Sunday, January 23, 2011

Public officials apparently enjoy greater privacy rights than private citizens

Via Radley Balko at The Agitator, more cases of people being charged for recording their interactions with police.  Here's the thing that stuck out for me:
Although law-enforcement officials can legally record civilians in private or public, audio-recording a law-enforcement officer, state’s attorney, assistant state’s attorney, attorney general, assistant attorney general or judge in the performance of his or her duties is a Class 1 felony, punishable by up to 15 years in prison.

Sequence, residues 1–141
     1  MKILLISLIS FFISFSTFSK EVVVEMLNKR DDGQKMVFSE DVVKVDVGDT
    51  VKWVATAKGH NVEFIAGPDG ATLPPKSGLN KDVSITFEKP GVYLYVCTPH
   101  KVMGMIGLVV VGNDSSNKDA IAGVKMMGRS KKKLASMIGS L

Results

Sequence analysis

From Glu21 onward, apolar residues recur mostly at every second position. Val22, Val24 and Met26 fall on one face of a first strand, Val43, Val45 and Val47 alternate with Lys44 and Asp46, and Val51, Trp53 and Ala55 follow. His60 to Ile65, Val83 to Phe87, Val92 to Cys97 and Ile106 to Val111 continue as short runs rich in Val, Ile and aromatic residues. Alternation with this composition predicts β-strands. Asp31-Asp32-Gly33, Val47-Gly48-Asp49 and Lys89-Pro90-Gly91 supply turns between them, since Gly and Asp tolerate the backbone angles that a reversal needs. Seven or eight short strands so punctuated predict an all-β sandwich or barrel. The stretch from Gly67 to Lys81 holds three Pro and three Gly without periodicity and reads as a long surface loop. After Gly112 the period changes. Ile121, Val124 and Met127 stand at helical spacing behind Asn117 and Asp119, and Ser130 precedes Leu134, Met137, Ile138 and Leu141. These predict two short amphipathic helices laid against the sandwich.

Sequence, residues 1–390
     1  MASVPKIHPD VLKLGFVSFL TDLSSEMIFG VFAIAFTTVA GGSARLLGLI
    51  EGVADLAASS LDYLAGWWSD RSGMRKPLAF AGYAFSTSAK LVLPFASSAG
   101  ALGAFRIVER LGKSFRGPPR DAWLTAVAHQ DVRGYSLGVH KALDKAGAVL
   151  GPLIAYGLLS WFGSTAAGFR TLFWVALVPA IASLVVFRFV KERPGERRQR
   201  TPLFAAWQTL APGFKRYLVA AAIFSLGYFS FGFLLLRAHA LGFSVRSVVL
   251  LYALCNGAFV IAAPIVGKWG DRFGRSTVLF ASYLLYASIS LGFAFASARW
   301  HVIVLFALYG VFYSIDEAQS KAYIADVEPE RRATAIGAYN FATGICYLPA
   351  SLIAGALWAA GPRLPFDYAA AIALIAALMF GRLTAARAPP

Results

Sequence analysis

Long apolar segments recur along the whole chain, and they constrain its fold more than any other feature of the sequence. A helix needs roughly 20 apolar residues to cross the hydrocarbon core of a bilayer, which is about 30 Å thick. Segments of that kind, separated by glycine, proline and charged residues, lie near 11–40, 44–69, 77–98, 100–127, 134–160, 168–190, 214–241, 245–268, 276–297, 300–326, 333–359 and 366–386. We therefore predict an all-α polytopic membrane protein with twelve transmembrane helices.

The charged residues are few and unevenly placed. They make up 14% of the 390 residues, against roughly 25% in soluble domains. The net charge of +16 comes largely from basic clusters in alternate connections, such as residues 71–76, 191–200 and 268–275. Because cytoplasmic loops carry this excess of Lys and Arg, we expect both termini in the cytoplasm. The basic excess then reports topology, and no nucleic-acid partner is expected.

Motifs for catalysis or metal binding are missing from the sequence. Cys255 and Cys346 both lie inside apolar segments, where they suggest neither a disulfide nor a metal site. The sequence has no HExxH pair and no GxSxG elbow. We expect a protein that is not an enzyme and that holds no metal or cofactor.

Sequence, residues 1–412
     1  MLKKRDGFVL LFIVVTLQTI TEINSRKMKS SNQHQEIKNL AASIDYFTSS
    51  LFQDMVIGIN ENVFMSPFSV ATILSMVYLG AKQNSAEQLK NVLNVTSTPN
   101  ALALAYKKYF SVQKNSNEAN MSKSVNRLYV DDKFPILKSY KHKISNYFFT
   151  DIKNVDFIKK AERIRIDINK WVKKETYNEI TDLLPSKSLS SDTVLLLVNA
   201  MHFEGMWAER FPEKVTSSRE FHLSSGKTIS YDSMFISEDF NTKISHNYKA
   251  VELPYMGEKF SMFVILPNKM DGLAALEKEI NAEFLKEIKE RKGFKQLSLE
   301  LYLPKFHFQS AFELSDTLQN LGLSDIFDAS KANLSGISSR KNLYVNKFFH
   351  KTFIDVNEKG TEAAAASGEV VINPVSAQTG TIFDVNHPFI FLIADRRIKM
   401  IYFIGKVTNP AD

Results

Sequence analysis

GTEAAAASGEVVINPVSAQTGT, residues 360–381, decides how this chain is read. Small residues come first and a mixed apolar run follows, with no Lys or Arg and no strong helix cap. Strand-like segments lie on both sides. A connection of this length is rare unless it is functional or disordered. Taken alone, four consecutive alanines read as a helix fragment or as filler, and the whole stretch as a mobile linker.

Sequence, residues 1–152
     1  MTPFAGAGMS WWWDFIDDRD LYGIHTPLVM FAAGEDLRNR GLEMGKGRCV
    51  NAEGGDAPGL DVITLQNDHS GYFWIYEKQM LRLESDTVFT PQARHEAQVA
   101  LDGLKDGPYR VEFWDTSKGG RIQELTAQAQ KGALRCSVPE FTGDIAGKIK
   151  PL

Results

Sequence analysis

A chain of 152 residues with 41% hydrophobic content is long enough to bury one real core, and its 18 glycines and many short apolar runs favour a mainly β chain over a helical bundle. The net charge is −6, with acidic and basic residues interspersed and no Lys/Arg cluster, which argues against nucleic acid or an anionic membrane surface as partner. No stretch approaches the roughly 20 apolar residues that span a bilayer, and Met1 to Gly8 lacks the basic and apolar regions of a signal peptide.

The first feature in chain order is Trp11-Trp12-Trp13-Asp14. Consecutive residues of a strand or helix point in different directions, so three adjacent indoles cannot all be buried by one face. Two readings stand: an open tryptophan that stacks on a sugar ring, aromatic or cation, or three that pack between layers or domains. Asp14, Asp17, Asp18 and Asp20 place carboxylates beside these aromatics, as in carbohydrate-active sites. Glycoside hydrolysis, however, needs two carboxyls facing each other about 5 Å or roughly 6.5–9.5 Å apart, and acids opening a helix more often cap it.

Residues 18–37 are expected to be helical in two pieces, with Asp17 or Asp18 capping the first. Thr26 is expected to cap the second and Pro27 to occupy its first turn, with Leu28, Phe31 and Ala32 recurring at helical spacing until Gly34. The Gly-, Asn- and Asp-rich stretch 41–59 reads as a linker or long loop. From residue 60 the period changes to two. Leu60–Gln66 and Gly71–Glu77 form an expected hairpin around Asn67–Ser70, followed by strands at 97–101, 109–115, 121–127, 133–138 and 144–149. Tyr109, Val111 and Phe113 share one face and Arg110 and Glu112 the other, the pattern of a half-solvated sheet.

The A.C.L.U. filed its lawsuit after several people throughout Illinois were charged in recent years with eavesdropping for making audio recordings of public conversations with the police. The A.C.L.U. argued that the act violates the First Amendment and hinders citizens from monitoring the public behavior of police officers and other officials.
So public officials conducting public business have a greater expectation of privacy than private citizens?

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